10 Tips for Gluing Miters
By Bruce Wiebe
Every woodworker faces their share of miter joints,
whether framing a mirror, edge-banding a coffee
table or assembling a jewelry box. And even for
seasoned woodworkers, gluing miter joints can be
frustrating. Gaps appear. Imperfect cutting or
gluing leaves the joint misaligned. One of the
boards protrudes slightly at the corner, forcing you
to sand it off, revealing a 1/16-in. strip of
endgrain. Three of the four miter joints in a frame
may be dead on, and the fourth ends up skewed.
Here’s some help. Because there is no “best”
way to deal with gluing-up miters, we’ve given you
a collection of tips, all of which are proven to make
this often maddening process go smoother.
Bored block on slotted base
This benchtop gluing jig lets you see, and adjust, both faces
of the miter joint while clamping it. Hold the joint tight,
without glue, while you clamp one board in place. Then
apply glue to both mitered faces. Push the unclamped board
into place, then add the second
To make this jig, cut a
diagonal notch halfway
across a 7-in.-square piece of
The notch lets you see if the
joint is closed on the underside,
as well as letting the
glue dry thoroughly. For the
clamping block, glue together
two 4-in. squares of plywood,
drill a 2-in. hole in
the middle, and screw this
assembly to the fiberboard with one square corner over the
slot. Be sure the corner of the block is square, or your precisely-
cut 45-degree joint faces won’t be flush when you
clamp them together.
Click any image to view a larger version.
Notched pressure pads
These pads work
particularly well if
you like using
notches in two
strips of softwood,
and clamp them
tightly on each
board end so the
notches are near
the middle of the
joint. Tighten the
against the notches
the face of the
joint with a fingertip
to keep the
board edges flush./p>
Handscrews with sandpaper jaws and bar clamps
Put strips of 60-grit sticky-back sandpaper in the jaws of
two handscrews and clamp them parallel on either side of
the joint. Now draw the joint closed by clamping the
handscrews together with bar clamps on top and bottom.
Stacked plywood triangles
If you’re gluing a box with
mitered corners, cut several plywood
triangles, and screw them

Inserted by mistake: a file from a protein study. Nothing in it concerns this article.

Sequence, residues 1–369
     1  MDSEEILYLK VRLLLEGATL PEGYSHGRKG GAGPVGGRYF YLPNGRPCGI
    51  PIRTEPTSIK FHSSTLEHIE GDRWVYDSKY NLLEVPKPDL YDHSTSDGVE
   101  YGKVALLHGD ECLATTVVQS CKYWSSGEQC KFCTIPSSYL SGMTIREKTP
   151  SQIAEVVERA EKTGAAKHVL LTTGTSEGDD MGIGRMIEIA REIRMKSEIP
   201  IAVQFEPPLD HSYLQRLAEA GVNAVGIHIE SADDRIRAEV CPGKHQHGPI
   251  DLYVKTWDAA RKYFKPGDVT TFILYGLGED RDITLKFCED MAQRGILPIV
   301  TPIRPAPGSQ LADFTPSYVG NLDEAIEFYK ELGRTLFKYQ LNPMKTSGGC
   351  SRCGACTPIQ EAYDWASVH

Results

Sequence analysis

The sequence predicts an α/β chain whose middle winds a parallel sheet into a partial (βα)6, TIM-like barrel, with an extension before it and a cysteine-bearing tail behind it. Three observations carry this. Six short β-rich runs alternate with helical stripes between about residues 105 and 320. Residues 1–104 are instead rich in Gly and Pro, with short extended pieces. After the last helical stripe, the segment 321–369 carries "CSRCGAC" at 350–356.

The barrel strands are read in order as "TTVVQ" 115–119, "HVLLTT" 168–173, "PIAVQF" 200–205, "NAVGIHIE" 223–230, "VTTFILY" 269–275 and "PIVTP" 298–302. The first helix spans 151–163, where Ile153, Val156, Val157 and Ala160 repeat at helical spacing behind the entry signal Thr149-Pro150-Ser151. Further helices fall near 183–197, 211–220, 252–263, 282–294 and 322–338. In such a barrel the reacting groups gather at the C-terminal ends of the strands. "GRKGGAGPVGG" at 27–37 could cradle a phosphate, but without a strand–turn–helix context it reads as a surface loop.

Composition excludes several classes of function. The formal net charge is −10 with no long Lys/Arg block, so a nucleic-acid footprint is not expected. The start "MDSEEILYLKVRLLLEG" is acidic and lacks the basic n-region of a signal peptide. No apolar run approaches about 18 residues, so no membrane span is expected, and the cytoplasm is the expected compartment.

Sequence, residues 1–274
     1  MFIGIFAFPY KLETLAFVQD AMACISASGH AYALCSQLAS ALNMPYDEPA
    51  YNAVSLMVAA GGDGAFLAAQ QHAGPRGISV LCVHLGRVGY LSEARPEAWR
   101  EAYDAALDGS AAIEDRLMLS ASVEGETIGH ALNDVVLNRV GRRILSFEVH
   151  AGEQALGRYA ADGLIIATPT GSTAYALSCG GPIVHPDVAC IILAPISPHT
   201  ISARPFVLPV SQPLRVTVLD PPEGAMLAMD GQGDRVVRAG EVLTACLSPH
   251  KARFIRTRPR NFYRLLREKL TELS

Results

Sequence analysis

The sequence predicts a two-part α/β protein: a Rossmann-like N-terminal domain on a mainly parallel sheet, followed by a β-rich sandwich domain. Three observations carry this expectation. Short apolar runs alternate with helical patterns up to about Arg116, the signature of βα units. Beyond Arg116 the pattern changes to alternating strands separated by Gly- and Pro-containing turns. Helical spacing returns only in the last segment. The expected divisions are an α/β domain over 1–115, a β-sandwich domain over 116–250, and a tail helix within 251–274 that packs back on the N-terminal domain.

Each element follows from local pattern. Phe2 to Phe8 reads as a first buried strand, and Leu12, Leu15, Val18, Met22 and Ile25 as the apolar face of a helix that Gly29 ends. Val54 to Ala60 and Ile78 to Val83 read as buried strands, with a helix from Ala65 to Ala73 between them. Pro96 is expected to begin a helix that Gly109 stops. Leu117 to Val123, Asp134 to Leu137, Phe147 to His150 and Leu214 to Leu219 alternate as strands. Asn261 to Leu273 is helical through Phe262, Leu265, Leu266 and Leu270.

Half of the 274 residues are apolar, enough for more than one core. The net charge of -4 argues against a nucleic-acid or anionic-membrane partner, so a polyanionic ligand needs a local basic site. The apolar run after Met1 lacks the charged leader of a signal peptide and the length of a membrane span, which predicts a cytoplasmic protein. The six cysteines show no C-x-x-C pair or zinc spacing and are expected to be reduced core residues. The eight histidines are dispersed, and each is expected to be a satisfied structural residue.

together into a triangular block.
Cut off the inside corner so it
doesn’t interfere with the joint.
Without glue, clamp the boards
onto the triangular block, and
when the joint’s perfectly
aligned, remove one board, apply
glue, and reclamp.
Masking tape works well on
wider miter joints that don’t
bear much weight, as in a
jewelry box. Tape the joint
along the middle section first,
apply glue, and close the
joint. Now stretch tape at 45-
degree angles on both corners.
Allow plenty of time for
the glue to dry when you use
tape, because you’re limiting
Packaging tape and web clamps
The strong adhesive and tough plastic of
packaging tape allow it to work as a
hinge on long, mitered corners. After
carefully cutting the miters, lay the boards
outside-face up and side by side so their
sharp edges touch. Apply strips of tape
along each joint, pressing the tape firmly
onto the wood, then flip the boards and
apply glue. Use web clamps to tightly
hold the joints together, and wipe the
squeeze-out from the inside corners.
Again, allow the glue to dry thoroughly
before removing the clamps and tape.
Bessey miter clamp
This clamp works like a dream. At $128 each, though, it’s an expensive
dream. A sliding block pushes on the inside of the joint to snug it
against two pivoting, soft-jawed pressure pads. The pivoting pads
work like a pair of thumbs to align the joint perfectly as they apply
pressure. If you make a lot of miters, this clamp is a godsend.
Pivoting jaw clamp
This clamp, with
pivoting jaws and
works great for single
miter joints. But the
leave nasty scratches
on the wood, so tape
or clamp softwood
strips on the corners
to shield the project
at $13 each.
Bessey band clamp with pivoting corners
If you’re building smaller miter
joints, give this clamp a try. It
works especially well for assembling
narrow frames that don’t
require a ton of clamping pressure.
It has a geared winder that tightens
and rolls up the band on both
sides, and a handle you twist to
increase the pressure. Slotted
angle-clips press on each corner
keeping pressure uniform. The
jaws on the circular clips adjust to
any angle. $31 for the clamp and
four angle clips. A box of six extra
clips costs $14.
Banding mitered edges
When you’re finishing a plywood tabletop or cabinet door
with mitered edging, cut four short pieces with a 45-degree
angle on one end. The short pieces work great to help size
and locate the edging. Tape and clamp the short pieces in
place on two of the opposite faces, then glue on the first
two edging strips. Remove the short blocks so they don’t
get glued on.
(Note: Product availability and costs are subject to change since original publication date.)
American Clamping Corp., 585-344-1160, Bessey Miter and Band Clamps.
This story originally appeared in American Woodworker April 1999, issue #72.